CAPD can be done a couple of different ways, but as the title suggests, it is meant to be done while the patient is up and about, and it is supposed to run all the time.  In our case, we use an IV pole with a scale attached to measure 1200 cc's of fluid into Babygirl's PD catheter.  Once the fluid is in, she gets disconnected from the pole and bag and can go whereever she wants and do whatever she wants.  After an hour and a half she comes back, gets hooked up to drain out THAT fluid, fresh fluid is put in, and we repeat the cycle five or six times.  This adds up to a lot of time!  The dialysis machine does exactly the same thing, but it does it automatically while she sleeps.

So for this road trip, I filled her up with fluid while we were packing.  She was due for her next exchange 45 minutes after we hit the road, so we pulled off into a truck stop.  We have a big van, usually 8 passenger (could be 11) but right now all the benches are out so we can transport the couch.  but hey! couches are comfy, so we set up shop in the back of the van.  Up goes the IV pole, out comes the dialysis fluid exchange system.  And THAT's when I realized that I forgot ONE little detail. 

The dialysis machine has a warmer.  The five liter bags that we use with the machine are heated to body temperature automatically, and pretty efficiently.  I'm supposed to heat travel bags before I go, using ordinary heating pads (which are incredibly INefficient) and store them in an insulated bag to keep them warm. And I forgot.  Now it's not actually harmful to use cool fluid any more than it is harmful to drink ice water.  But it is, according to Babygirl, uncomfortable. We learned THAT on our last road trip.  So I felt pretty bad about forgetting, especially since we were committed to doing six exchanges!  Well, no going back now!  Let's do it.

God bless Babygirl.  She dealt with the cold fluid with good grace and a hot drink from the truck stop.  But do you remember me mentioning her practical common sense?  "Mom, can we put the next bag near the heater back there?"  Well, DUH.  Of course we can.  Actually, I put the next two bags in front of the heat vent, packed my coat over them, and by the time we were due for another exchange they were nice and warm!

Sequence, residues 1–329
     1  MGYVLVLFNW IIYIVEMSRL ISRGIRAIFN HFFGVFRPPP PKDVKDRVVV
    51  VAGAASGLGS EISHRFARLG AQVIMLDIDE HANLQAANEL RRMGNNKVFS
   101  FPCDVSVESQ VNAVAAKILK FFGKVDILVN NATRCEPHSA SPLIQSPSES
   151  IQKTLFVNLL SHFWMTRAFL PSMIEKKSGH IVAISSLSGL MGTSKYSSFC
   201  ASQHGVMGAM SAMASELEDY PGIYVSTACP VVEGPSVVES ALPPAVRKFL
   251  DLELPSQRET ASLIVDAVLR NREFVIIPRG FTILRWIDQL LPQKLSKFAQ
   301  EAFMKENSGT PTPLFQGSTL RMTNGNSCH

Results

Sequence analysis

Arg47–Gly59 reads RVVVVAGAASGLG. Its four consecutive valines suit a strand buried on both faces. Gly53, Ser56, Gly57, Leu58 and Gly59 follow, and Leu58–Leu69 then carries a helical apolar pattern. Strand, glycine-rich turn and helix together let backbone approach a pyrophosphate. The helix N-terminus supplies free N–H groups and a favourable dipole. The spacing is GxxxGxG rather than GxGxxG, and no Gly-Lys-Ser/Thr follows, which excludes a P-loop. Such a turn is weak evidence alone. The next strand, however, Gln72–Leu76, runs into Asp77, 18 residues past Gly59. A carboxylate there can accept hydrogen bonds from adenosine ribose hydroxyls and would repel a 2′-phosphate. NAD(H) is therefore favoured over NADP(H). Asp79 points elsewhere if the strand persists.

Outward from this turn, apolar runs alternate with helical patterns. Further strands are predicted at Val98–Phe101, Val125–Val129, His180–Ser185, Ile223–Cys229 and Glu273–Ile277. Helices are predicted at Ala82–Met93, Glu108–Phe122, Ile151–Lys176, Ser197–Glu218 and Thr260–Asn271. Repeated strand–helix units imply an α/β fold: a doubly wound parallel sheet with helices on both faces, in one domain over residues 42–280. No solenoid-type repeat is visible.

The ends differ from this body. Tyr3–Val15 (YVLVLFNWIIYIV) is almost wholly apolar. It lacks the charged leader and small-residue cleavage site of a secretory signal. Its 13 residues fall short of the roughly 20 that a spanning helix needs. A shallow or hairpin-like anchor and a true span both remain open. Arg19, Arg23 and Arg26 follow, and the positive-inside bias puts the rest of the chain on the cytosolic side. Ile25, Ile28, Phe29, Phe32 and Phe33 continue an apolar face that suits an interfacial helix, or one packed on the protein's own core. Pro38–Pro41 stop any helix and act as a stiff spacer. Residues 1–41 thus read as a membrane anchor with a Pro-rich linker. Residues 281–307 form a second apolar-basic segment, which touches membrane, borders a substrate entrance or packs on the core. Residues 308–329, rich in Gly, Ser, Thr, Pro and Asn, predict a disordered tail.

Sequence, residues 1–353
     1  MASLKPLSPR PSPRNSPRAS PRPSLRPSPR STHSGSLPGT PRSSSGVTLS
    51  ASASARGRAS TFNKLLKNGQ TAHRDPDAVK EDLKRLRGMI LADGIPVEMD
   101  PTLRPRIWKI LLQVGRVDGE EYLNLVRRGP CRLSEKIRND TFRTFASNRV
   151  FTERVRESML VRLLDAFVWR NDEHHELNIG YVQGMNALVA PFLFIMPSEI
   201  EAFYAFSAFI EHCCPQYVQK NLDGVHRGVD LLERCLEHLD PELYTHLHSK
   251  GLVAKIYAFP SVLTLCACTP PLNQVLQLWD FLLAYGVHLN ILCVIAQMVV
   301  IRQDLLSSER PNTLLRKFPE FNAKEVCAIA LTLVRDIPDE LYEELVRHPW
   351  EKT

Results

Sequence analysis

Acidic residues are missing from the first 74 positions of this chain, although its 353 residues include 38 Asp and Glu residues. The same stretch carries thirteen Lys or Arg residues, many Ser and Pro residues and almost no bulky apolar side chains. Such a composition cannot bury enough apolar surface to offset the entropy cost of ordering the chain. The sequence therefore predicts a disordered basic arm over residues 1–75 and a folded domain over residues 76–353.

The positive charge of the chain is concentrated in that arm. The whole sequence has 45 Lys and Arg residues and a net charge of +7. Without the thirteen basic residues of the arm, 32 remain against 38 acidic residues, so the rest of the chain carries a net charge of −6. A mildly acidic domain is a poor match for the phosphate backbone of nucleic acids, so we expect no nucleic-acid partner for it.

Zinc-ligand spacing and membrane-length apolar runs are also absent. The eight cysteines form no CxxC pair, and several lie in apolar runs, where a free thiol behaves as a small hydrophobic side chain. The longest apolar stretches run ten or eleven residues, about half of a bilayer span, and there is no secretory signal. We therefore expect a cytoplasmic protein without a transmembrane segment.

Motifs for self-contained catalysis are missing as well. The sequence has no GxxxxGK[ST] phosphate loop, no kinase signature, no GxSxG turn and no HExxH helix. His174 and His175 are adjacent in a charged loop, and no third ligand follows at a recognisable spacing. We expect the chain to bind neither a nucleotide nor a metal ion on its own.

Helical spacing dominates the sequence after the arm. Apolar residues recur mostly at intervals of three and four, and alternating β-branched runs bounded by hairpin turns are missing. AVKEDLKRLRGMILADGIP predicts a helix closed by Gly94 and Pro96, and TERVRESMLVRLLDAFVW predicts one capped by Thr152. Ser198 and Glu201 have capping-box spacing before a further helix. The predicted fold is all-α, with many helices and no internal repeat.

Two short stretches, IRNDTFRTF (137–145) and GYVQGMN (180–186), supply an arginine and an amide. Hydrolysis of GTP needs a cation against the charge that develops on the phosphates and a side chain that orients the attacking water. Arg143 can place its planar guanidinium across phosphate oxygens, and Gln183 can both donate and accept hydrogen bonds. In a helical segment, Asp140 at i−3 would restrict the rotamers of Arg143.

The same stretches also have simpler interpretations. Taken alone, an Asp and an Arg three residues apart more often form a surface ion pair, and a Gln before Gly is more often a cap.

I'm not sure, but I don't think many people manage four exchanges on one road trip, each in a different state each time.  Oh, and by the way - you get some interesting double-takes from people when the look into your lighted van and see a kid hooked to an IV pole.


Friday, November 4, 2011

The Aftermath.......

Since our false alarm phone call last Saturday, hubby and I have been dealing with the letdown.  But for each of us there is a new layer of "dealing."  I'm not sure why, exactly.  And I know it's different for both of us, and neither of us can really articulate it very well.

I haven't slept since Saturday, except for Tuesday night when I took a Benedryl.  Since I don't work Wednesdays I figured I could deal with the hangover that sedatives always leave me.  And the added bonus of the Benedryl was that is took away the hives I developed for no apparent reason.  My scalp was itching so badly I had the office nurses checking me for head lice.  I lie awake mostly, dozing sometimes, and see the time pass in minutes or hours on my alarm clock.  And then I oversleep.  And hubby has disappeared from bed several times to go to the Man Cave to watch TV or play a game, only to come back to bed a couple of hours later.

I've never really been an insomniac.  Medical residency trains you to fall asleep quickly whenever the opportunity presents itself.  So why won't the hamster wheels inside my brain stop running?

I can't say I feel disappointed - that is far too simple a term. Let down, like some people feel if their spouse forgets an anniversary.  It's almost like I felt the year my husband was in the hospital and there was nothing in my stocking for Christmas - empty somehow.  Unnoticed.  Un-cared for.

So who, exactly, has let me down, failed to notice or care?  I would like to be able to say that my faith is stable enough to take what is, in the grand scheme of things, a momentary disappointment.  I am back, in a way, to yelling at God about how much I love Babygirl, how important and special she is, how much she MATTERS - as if she doesn't matter just as much to God.  And in my deepest heart, I know "All is well, and all is well, and all manner of things shall be well." 

But I want Babygirl to be well.  And I want it NOW.